Welcome to the second newsletter of Agroecology Europe. In this edition you can find a summary of key agroecology conferences that recently took place in Rome, Brussels, Cordoba and Brazil, a list of upcoming events and a selection of new publications related to agroecology and more.
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FAO's 2nd Agroecology Symposium
The event in April 2018 which hosted 800 people made clear that agoecology is increasingly recognised as a key solution to many of the problems the world faces. FAO Director Graziano emphasized the need to “strengthen the central role of family farmers and their organizations.” Read more
130 small scale farmers discuss CAP at EP
On May 24, over 130 small-scale farmers from different European regions debated with representatives from EU institutions and civil society organisations to discuss the current CAP reform. The European Coordination of La Via Campesina stated its satisfaction with the Commission’s proposal to limit financial aid to 60,000 EUR per farm, but added that it is important to take the active farmers who work there into account, as well as the economic and social conditions of the workers and day labourers. Read more
The Cordoba manifesto
A manifesto was drafted after 3 days of discussion and exchange at the VII International Congress on Agroecology in Cordoba, Spain, from May 30 - June 1. "We believe that it is urgent to territorialise and democratise the way we satisfy our food needs by rescuing knowledge, the cultural legacy and the forms of social, economic and ecological relations of the diversity of cultures that exist in the world". Read the full manifesto
Thousands come together in Brazil
The National Agrocology Encounter in Belo Horizonte from May 31 to June 3 with over 2000 people reflected the strong emancipatory and unifying character of agroecology in Brazil. It was preceded by horizontal exchanges in the territories, inspired by the peasant-to-peasant movement. The event ended with a political statement. Read more
Neonicotinoid ban in EU
On April 27, the EU voted to ban all outdoor use of three controversial neonicotinoid insecticides which pose a major threat to bees and other insects and are therefore a danger to biodiversity. The ban is a result of the scientific report of the European Food Safety Authority (EFSA). The ban will come into force by the end of 2018. Meanwhile the European campaign for pesticide-free towns continues.
New peasant-to-peasant knowledge network
The new European Agroecology Knowledge Exchange Network aims to link European initiatives which promote the peasant-to-peasant agroecological knowledge exchange. This network is part of an international process led by La Via Campesina and facilitates peasant-to-peasant knowledge exchange. The network focuses on practical skills sharing as well as on political training, considering the two as inseparable. 
Stories from the field
Growers such as Luuk Schouten illustrate how farmers are revitalising rural areas in Europe. Using agroecology, they are creating places that produce not only diverse, healthy and sustainable food but that also generate biodiversity, social cohesion, beautiful landscapes and education. Read more Stories from the field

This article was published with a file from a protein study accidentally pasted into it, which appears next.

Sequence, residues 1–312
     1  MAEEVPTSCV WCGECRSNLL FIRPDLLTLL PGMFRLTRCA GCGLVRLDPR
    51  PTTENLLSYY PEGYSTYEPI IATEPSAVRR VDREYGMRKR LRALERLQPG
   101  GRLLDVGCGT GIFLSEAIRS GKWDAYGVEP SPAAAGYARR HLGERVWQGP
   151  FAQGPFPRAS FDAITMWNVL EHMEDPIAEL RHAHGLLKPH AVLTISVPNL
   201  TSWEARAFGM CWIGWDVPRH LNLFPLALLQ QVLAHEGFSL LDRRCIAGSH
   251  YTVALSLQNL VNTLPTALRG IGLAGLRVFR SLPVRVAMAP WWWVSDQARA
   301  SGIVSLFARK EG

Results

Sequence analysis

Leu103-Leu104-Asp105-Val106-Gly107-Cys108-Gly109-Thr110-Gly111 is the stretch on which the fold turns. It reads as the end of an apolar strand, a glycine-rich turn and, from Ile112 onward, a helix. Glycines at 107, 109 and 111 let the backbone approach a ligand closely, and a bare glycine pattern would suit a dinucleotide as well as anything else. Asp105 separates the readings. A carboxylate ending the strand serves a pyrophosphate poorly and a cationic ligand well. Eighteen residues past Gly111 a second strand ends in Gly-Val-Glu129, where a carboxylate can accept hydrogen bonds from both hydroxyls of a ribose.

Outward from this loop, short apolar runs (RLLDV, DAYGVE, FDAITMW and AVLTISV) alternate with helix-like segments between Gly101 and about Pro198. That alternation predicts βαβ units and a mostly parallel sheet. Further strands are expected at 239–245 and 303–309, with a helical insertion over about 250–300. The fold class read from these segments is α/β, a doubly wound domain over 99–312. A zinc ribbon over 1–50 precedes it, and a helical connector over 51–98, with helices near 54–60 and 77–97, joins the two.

Share your farm story

Do you have a story about an agroecological farm in Europe? We would love to feature it on the Agroecology Europe website and in this newsletter. If you are interested, contact us at with the subject line “Stories from the field”.
New publications
Make sure you check our website regularly to find some of the latest peer reviewed articles and grey literature on agroecology. Here is a selection: 
  • Special issue of Sustainability on Mapping Agroecology in Europe. 2018. 
  • Bell, M.M., Bellon, S., 2018. Generalization without universalization: Towards an agroecology theoryAgroecology and Sustainable Food Systems42(6), pp.605-611
  • David, C., Bell, M.M., 2018. New challenges for education in agroecologyAgroecology and Sustainable Food Systems42(6), pp.612-619
  • Dekeyser, K., Korsten, L.,Fioramonti, L., 2018. Food sovereignty: shifting debates on democratic food governanceFood Security, pp.1-11
  • Kay, S., Mattheisen, E., McKeon, N., De Meo, P., Moragues Faus, A., 2018. Public Policies for food sovereignty. Amsterdam, Rome and Heidelberg: TNI.
  • Giraldo, O.M., 2018. Ecología política de la agricultura. Agroecología y posdesarrollo. San Cristóbal de Las Cases: El Colegio de la Frontera Sur.
  • Gkisakis, V.D., Bàrberi, P., E.M. Kabourakis, 2018, Olive canopy arthropods under organic, integrated, and conventional management. The effect of farming practices, climate and landscapeAgroecology and Sustainable Food Systems 
  • Gliessman, S., 2018. Defining Agroecology, Agroecology and Sustainable Food Systems, 42(6), pp. 599-600
  • Tilzey, M., 2017. Political Ecology, Food Regimes, and Food Sovereignty: Crisis, Resistance, and Resilience. London: Palgrave Macmillan
  • Rivera-Ferre, M.G., 2018. The resignification process of Agroecology: Competing narratives from governments, civil society and intergovernmental organizationsAgroecology and Sustainable Food Systems42(6), pp.666-685, 
  • Wijeratna, A., 2018. Agroecology: Scaling Up, Scaling Out. Johannesburg: Action Aid.
  • Petersen, P., Van Walsum, E., 2018. Agroecology - A path towards the SDGs. Farming Matters. Wageningen: AgriCultures Network and IFOAM Organics International
The Greens-European Free Alliance produced a short video explaining agroecology to children, and adults. Spread the knowledge, share it with your friends - young and old! 
Upcoming events
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Agroecology Europe aims to place agroecology high on the European agenda, and to foster interactions between actors in science, practice and social movements.

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